Why the economy’s health right now isn’t as uncertain as you might think


Economic risk is merely average right now. I point this out to counter the many stock market analysts who have warned in their 2024 forecasts that the U.S. economy’s current risk level must be at or near a record high.

And many of you are convinced they’re right.

The analysts’ recitation of current risks will be familiar: The war in the Middle East could escalate into World War III. The Ukraine war could spiral out of control too. Then there’s the possibility of higher U.S. inflation and interest rates, along with a possible recession. The list goes on.

The problem with this narrative is in thinking that risk isn’t always high. Our psyches play tricks on us to make us think that the risks we’re facing right now are off the charts. That’s because, once we know how things turn out, we immediately rewrite history to tell ourselves that it was obvious that they would turn out the way they did.

Take the range of possible outcomes of the U.S. economy being put into the functional equivalent of a medically induced coma in the wake of the Covid-19 pandemic. Today we tell ourselves that of course the federal government and the Federal Reserve would respond with massive fiscal and monetary stimulus, and that of course the stock market would soar in response. But this was anything but obvious in advance.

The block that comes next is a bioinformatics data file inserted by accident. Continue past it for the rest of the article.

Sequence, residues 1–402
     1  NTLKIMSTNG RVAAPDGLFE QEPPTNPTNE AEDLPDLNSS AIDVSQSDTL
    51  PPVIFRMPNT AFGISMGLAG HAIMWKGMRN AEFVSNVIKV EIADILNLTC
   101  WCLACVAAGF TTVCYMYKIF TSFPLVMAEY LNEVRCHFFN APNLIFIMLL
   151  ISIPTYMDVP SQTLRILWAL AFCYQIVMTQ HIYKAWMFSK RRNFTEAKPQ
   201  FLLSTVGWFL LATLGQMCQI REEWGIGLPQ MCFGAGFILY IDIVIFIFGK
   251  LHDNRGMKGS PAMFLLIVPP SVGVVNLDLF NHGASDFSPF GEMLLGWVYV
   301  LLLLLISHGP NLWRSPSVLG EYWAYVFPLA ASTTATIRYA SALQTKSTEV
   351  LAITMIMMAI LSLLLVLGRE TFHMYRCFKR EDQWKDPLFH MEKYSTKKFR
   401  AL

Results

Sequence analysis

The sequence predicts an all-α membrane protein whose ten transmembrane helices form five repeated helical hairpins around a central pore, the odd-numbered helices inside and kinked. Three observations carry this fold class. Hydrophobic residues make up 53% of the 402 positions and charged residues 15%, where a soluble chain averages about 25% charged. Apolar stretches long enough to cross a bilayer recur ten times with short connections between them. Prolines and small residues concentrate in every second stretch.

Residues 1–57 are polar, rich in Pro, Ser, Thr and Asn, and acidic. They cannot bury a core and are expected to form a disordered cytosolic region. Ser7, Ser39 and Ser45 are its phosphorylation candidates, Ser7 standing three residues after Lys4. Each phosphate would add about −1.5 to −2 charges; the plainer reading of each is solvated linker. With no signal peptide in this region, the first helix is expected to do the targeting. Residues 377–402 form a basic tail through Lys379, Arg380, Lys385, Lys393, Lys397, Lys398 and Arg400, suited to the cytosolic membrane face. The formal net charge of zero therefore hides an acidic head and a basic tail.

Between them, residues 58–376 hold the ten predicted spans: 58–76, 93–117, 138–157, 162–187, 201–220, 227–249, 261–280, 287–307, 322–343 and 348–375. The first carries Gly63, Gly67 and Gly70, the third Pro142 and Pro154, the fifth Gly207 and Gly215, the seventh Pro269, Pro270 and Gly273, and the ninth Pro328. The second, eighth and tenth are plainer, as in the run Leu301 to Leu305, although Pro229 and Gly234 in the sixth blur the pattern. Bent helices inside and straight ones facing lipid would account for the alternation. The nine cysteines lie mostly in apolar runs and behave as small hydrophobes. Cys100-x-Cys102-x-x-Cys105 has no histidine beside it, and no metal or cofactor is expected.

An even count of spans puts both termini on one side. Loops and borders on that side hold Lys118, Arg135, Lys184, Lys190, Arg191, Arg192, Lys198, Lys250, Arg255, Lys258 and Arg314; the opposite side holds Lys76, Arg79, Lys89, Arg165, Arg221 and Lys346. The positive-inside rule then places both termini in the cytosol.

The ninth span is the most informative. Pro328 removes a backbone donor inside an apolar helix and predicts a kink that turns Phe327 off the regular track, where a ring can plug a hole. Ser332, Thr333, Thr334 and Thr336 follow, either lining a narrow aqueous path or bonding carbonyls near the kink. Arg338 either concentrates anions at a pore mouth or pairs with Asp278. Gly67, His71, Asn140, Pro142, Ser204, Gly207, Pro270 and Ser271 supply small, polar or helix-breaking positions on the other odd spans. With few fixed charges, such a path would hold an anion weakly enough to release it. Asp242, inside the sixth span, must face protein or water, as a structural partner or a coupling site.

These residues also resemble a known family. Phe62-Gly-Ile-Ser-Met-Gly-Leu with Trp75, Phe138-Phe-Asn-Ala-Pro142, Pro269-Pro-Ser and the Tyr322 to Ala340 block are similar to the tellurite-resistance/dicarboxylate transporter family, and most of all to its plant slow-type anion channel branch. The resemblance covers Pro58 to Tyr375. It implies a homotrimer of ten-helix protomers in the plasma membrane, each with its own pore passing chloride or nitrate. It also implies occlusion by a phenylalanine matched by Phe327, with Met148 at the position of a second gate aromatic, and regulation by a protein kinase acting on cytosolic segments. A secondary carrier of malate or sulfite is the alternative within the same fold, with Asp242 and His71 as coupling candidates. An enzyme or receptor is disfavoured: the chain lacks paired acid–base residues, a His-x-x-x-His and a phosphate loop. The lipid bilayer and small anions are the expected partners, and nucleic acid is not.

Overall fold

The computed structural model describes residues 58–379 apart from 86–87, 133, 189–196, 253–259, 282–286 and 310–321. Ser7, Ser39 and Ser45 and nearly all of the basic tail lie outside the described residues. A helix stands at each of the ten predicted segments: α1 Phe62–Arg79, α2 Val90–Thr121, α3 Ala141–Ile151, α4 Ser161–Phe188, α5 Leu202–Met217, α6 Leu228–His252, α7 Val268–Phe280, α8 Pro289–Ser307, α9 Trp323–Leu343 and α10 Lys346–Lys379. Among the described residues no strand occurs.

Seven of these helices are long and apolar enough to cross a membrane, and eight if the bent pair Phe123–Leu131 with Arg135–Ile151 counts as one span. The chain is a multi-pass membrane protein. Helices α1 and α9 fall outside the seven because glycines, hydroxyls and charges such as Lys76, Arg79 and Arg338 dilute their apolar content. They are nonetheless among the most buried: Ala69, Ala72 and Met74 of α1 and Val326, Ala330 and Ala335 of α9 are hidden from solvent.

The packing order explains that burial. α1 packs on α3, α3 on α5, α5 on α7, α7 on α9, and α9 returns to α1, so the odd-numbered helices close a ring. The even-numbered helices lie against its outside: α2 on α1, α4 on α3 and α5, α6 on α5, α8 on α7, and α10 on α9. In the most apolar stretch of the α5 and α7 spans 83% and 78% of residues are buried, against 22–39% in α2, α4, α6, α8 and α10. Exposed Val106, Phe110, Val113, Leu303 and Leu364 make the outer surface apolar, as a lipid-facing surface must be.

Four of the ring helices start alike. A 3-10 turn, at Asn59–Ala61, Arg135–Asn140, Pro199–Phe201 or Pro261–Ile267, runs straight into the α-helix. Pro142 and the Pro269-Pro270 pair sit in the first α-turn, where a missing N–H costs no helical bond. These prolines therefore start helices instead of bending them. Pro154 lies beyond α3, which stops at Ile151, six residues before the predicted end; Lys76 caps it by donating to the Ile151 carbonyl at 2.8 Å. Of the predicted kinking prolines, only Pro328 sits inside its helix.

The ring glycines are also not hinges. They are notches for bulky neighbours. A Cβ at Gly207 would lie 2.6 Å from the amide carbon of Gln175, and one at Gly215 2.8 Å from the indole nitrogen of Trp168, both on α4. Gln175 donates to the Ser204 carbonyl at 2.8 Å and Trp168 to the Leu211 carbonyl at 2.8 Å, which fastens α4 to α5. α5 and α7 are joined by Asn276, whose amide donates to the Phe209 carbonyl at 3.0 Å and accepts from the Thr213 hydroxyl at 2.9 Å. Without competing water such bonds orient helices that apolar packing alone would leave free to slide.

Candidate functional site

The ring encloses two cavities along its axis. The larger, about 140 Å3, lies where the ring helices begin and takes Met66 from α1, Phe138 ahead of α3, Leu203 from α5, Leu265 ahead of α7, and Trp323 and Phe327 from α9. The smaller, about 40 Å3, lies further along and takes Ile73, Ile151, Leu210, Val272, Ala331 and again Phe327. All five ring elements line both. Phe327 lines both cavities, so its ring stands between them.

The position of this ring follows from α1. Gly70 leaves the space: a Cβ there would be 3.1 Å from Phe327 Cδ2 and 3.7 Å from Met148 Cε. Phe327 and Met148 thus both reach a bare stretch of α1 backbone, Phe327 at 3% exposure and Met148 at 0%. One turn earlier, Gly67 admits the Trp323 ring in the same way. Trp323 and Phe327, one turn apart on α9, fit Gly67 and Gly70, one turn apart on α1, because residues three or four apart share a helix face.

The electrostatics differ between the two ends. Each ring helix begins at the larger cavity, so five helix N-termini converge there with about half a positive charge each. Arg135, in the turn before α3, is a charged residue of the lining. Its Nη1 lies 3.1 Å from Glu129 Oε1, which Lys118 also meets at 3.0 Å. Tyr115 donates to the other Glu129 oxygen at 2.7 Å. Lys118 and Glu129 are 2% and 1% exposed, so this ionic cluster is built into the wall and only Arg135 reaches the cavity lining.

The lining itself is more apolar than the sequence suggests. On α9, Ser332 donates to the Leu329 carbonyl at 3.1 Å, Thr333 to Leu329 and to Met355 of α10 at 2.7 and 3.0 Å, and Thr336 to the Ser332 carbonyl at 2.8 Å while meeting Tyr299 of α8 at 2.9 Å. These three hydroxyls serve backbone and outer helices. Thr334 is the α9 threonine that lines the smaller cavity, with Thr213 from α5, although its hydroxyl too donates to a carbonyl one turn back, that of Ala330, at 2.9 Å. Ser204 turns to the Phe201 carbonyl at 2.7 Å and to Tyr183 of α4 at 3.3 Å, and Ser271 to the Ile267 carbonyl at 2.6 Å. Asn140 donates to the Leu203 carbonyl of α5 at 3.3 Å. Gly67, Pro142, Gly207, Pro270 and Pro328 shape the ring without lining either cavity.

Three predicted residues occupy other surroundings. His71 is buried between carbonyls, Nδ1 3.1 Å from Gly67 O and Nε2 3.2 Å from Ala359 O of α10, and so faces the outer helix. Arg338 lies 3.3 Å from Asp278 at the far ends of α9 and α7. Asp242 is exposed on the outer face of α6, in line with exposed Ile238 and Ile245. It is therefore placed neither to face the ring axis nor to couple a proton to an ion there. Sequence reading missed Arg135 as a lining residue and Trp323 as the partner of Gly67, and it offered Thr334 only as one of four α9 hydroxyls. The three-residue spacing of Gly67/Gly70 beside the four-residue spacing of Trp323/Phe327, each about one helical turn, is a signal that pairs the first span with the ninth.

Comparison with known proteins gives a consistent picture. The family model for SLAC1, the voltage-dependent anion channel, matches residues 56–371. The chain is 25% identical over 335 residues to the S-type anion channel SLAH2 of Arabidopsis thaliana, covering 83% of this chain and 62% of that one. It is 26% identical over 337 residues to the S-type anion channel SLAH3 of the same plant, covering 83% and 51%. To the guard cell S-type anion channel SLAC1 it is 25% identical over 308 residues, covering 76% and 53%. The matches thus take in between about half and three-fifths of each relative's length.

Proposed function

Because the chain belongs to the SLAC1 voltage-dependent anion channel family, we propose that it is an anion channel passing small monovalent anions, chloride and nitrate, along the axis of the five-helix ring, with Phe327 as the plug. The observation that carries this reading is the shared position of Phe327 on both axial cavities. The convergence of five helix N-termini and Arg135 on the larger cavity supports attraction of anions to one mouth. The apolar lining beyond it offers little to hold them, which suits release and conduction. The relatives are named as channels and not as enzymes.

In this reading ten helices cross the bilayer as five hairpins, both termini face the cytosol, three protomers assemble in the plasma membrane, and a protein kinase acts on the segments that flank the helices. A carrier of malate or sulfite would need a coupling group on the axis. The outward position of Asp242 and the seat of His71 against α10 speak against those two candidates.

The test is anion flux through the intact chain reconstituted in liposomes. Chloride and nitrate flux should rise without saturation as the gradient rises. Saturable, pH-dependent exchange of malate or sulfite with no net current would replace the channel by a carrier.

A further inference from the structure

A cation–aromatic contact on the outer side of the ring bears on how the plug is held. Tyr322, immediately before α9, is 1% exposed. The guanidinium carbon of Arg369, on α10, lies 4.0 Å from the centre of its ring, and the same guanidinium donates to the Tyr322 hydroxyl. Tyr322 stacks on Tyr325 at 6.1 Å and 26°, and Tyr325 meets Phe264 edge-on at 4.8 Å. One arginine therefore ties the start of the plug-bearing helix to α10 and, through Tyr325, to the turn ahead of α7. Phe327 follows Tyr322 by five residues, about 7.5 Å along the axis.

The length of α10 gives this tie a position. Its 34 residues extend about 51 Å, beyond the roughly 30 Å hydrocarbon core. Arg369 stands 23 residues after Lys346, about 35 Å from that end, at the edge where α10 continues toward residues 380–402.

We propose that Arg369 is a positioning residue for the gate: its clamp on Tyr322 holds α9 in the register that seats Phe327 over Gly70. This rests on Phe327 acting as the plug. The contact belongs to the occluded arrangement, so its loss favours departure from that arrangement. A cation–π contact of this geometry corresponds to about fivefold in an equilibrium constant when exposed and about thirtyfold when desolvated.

We know that because of an objective measure of economic uncertainty created several years ago by finance professors Scott Baker of Northwestern University, Nick Bloom of Stanford University, and Steven Davis of the University of Chicago. Known as the Economic Policy Uncertainty index, it is based on monthly searches of 10 major U.S. newspapers “for terms related to economic and policy uncertainty” (EPU). The accompanying chart of the past four decades shows that the EPU peak in early 2020 was more than three times the current level.

Furthermore, as you can also see from the chart, current uncertainty is almost precisely equal to its four-decade average.

Compensation for risk

You may find it discouraging that current risk levels, scary though they may seem, are merely average. Remember, however, that risk is essential if the stock market is to provide future returns as impressive as those in the past. Without future risk as high as its historical average, the market’s long-term future return would be much lower. So be careful what you wish for (and careful what you complain about).

You may want the market’s return to be high and risk to be low, but you can’t have it both ways.

Mark Hulbert is a regular contributor to MarketWatch. His Hulbert Ratings tracks investment newsletters that pay a flat fee to be audited. He can be reached at mark@hulbertratings.com

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